Tuesday, June 17, 2014

The Tipping Point of CI

Ben Lawder
Vice President of Market Intelligence

In this keynote presentation at the recent 29th Annual SCIP International Conference and Exhibition, ADP’s Ben Lawder used his personal career story to illustrate the evolution of the CI function and lay out a roadmap for you become the hero your organization needs you to be. Read more recaps of all the great sessions from the event in Orlando in the upcoming SCIP 2014 Executive Chronicles.


The competitive intelligence function is about more than just crunching data and presenting the results to your leadership team. Instead, your role as a CI professional is to marry the data with well-considered insight and then provide truly meaningful recommendations. To do that, you need to prepare properly and use the right tools to develop that insight.
Insight rarely happens in a vacuum, or in a cube, for that matter, Lawder said. You need to find places that inspire and transform your thinking. There a lot of different ways to do that. It could be as dramatic as going on a trip to a locale that challenges your normal mode of doing things, or as simple taking a walk in your favorite park. Regardless of the location, you need to allow yourself the time to reflect and have epiphanies.  

Preparation and timing go hand in hand. Preparation means continuously observing to discern patterns in the environment; timing means knowing how to use those patterns to your advantage. Lawder told the story of a guide in the Serengeti who observed over countless tours that if he drove through the reserve in a certain direction at a certain time, one particular cheetah would jump onto the branches of a dead tree near the road, providing the perfect photo opportunity for his guests.

CI professionals should always be able to answer one key question: What do you do better than anyone else in your organization? One answer might be staying flexible and being able to move quickly and seamlessly to changing priorities.
Your leadership team needs insights that address the concerns and fears keeping them up at night. Experts predict that 40% of today’s Fortune 500 companies will drop off that list in the next five years, Lawder said. Your CEO doesn’t want his company to be one of those. 

Leadership teams understand that business is very similar to the laws of the jungle. If you are a zebra, every day you have to outrun the lion to live. On the other hand, if you are a lion, every day you have to outrun the zebra in order to not starve. In business, outrunning the competition requires operational excellence and developing foresight.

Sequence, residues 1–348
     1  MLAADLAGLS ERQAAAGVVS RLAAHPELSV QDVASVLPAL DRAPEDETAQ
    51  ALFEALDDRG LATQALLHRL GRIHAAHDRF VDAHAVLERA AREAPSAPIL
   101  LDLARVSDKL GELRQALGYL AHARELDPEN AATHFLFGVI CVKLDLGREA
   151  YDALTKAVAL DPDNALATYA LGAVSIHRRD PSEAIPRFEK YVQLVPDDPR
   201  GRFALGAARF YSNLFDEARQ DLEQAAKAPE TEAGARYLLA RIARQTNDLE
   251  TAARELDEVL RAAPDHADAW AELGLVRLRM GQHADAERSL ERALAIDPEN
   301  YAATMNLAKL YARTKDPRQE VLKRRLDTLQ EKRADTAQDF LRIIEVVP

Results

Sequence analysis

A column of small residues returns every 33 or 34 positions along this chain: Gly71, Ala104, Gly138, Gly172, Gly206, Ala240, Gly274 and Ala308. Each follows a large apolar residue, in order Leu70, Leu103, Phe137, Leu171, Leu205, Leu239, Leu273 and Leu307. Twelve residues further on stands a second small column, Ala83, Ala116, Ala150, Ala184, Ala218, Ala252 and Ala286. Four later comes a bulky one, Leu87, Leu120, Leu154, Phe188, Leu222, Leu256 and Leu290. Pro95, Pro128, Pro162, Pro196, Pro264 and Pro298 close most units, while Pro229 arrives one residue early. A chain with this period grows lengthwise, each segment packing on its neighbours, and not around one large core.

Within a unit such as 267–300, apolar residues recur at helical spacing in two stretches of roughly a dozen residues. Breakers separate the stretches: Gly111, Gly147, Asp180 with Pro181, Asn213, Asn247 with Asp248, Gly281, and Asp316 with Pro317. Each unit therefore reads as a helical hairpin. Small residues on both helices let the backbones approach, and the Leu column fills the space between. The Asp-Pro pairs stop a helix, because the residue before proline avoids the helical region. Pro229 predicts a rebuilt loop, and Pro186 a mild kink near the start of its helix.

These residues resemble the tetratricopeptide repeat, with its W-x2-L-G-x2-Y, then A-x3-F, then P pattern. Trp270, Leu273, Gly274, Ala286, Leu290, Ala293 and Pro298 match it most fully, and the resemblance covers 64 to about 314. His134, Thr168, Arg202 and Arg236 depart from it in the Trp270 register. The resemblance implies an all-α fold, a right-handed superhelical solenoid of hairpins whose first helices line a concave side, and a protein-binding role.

There are three main areas that concern leadership teams today, Lawder explained:

  1. Globalization
  2. Changing customer expectations, and
  3. Changing technology.
If your insights are aligned with any or all of these three areas, your message will be more likely to be heard. 

Malcolm Gladwell, in his book The Tipping Point, noted that there are three necessary ingredients to develop the next big idea:

  • A few key people (such as the right leadership team and the right CI people) 
  • The right market conditions, and 
  • A sticky message (such as one aligned with the three concerns above). 

Lawder outline a hierarchy of the messages CI professionals can deliver:

  1. Helpful
  2. Useful
  3. Valuable
  4. Impactful 
  5. Critical
The messages further down that list will be more likely to be acted upon. However, don’t limit yourself to only conveying the critical messages; you also need to develop your credibility by still delivering the helpful and useful insights as well. Just remember to keep the messaging mix vibrant; the correct combination will affect not only your organization, but the trajectory for your career as well. 

Some of the classic analysis models are ideal for framing messages to the leadership team. For example, Porter’s Five Forces analysis is an excellent tool for showing the push/pull relationship between the company and its buyers, suppliers, substitute products, and new competitors.
One important rule to keep in mind, according to Lawder: Don’t be afraid to ruffle feathers or deliver bad news. The most insightful and important messages aren’t always the ones leadership teams want to hear.

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